All medics can do is warn. ‘It’s a very difficult conversation,’ explains Sharma. ‘A conversation that can just be ignored. “Thank you very much, Doc, but I’m going to carry on playing”. There’s a lot of that.’
Responsibility then falls to a player and their employer. Sportsmail has discovered that a League One player was close to joining a top Premier League club this year until an underlying heart issue was discovered. Another top-flight club chose to sign him.
‘As an employer you have to show some responsibility,’ Sharma says. ‘If something did go wrong, people have got to be able to go back and say that they had done everything properly.
Friction arises when you get some cardiologist saying, “Surely someone has to take the lead with this”. Someone who understands what could go wrong should be able to turn round and say, “He shouldn’t have played”.’
Ajax defender Daley Blind collapsed during training pre-season last year but recovered
That happens in Italy, where rules ban players such as Eriksen if they are at increased risk of sudden cardiac arrest. There is no such policy here — nor is cardiac screening mandatory across organised sport.
In Italy, all children involved in grassroots sport are tested from the age of 12 and sudden cardiac death has been reduced by 89 per cent.
CRY, who already provide free screening to more than 30,000 people every year, believe the UK should follow.
‘Every young person should have the choice to be screened at least once,’ Cox says. ‘We see Muamba and Eriksen and that gives the misconception that these events only involve professional athletes.’
Former Newcastle midfielder Cheick Tiote died in 2017 after suffering a cardiac arrest in training while playing for Chinese outfit Beijing Enterprises Club
Calls to the charity increased by 243 per cent in the week following Eriksen’s collapse.
‘We have over 50,000 people on a waiting list,’ Cox adds. And it is a critical time. According to Sharma, viruses such as Covid may cause heart muscle damage and pre-dispose people to certain rhythm disturbances.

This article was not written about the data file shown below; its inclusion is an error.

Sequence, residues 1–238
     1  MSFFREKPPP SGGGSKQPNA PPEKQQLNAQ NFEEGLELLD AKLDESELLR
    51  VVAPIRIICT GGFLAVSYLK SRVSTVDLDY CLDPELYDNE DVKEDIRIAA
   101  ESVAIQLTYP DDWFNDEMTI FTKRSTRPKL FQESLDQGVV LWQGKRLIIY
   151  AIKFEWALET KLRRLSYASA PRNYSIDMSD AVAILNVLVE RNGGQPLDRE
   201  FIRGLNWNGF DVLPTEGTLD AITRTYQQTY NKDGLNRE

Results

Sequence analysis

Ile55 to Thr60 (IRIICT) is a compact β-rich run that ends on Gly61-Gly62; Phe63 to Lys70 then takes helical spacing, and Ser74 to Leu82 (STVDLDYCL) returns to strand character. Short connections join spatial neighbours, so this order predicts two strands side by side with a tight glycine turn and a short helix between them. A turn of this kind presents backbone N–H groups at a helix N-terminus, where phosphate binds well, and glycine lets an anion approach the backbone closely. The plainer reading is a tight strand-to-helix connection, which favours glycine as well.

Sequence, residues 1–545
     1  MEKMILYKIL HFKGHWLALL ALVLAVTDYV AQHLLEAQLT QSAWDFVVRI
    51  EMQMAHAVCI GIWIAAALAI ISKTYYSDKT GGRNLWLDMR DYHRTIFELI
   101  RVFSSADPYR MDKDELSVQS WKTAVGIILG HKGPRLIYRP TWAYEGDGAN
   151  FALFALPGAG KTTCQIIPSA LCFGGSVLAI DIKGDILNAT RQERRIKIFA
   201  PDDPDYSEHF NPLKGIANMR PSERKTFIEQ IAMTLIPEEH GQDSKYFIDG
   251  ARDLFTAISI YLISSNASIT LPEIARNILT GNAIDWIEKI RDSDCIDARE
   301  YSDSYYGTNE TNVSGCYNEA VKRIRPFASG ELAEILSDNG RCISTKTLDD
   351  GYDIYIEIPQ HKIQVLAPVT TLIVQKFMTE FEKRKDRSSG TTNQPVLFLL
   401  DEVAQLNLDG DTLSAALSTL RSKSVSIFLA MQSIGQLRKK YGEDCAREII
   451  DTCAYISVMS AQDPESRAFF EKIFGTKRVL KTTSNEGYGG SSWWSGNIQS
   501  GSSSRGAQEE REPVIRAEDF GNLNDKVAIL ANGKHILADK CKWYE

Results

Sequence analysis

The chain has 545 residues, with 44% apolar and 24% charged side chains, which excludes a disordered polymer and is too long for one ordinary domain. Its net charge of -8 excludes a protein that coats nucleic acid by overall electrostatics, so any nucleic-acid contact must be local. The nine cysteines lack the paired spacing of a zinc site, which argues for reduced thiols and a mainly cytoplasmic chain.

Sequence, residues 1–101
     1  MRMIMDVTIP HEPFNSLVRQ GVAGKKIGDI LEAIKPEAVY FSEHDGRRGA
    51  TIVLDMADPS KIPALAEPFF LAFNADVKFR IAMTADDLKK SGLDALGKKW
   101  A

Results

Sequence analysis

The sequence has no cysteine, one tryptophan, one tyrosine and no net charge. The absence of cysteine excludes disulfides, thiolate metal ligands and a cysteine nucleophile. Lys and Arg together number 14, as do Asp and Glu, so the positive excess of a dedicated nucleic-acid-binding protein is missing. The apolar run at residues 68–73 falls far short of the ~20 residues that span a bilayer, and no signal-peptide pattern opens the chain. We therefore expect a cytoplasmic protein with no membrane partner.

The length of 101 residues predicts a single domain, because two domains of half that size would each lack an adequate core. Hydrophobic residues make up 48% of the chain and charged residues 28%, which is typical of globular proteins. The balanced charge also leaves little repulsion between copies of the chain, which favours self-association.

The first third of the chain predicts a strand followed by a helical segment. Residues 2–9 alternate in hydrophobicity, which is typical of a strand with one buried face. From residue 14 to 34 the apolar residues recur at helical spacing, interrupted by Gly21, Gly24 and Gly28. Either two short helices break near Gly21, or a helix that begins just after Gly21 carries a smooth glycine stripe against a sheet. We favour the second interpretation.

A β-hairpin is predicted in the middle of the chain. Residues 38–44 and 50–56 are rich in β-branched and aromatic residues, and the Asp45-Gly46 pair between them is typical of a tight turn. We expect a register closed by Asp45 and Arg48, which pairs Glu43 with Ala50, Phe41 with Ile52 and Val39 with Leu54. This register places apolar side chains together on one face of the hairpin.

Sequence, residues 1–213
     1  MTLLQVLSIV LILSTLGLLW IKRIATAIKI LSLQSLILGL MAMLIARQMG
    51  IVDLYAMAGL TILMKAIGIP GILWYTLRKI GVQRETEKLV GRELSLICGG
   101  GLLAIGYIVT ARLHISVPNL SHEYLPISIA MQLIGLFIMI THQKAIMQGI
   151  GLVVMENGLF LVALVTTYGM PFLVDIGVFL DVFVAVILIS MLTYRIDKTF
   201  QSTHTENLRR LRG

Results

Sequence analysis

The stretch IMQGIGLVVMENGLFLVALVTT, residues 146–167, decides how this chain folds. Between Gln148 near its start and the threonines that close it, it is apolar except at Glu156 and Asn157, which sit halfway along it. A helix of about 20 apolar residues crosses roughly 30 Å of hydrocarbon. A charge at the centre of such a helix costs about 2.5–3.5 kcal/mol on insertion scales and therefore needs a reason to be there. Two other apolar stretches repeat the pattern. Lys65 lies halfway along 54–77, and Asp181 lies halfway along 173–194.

Malhotra adds: ‘People could potentially have inflation of the heart muscle and are pushing themselves. We are going into uncharted territory.’
Elite athletes who contract Covid are given a cardiac test, one of several investigations that can unearth problems. And yet clubs still do not use all the tools at their disposal, including MRI scans, which could pick up inflammation or scarring.
Fomer Spain captain Iker Casillas suffered during a training session with Porto in May 2019
‘Premier League players are worth so much,’ Sharma says. ‘Why don’t they have every single test so you can pick up everything? The more tests you do, the more answers you’ll get. But you can open up a can of worms. If we found a little speck of scar, the question is: does that mean he’s in trouble?’
Another issue? Medics ‘would never get permission’ from Premier League clubs to put players through lengthy scans ‘just to do research,’ Sharma says. ‘They will say, “Training and fixtures are more important”.’
The latest medical research looks at ‘predictors’ of sudden death. ‘What we don’t know,’ Sharma explains, ‘is when some of these issues become very apparent.’
Malhotra believes artificial intelligence could prove crucial. So does Casillas. The former Real goalkeeper, who in 2019 suffered a heart attack in training, invested in Spanish start-up IDOVEN, which has developed software to detect heart problems earlier.
Closer to home, the JE3 Foundation want to introduce Justin’s Law, requiring sport and health facilities to house defibrillators. ‘It’s going to take common sense for people to finally stand up,’ Edinburgh says.
After Eriksen’s collapse, the Premier League vowed to donate defibrillators — which cost £800 to £2,500 — to more than 2,000 grassroots football sites.
‘That’s not even touching the surface,’ Edinburgh adds. ‘There are millions of pounds in football that go towards what? There’s a naivety around cardiac arrest, a lack of education in this country. Football has come on but there’s still a long road ahead.’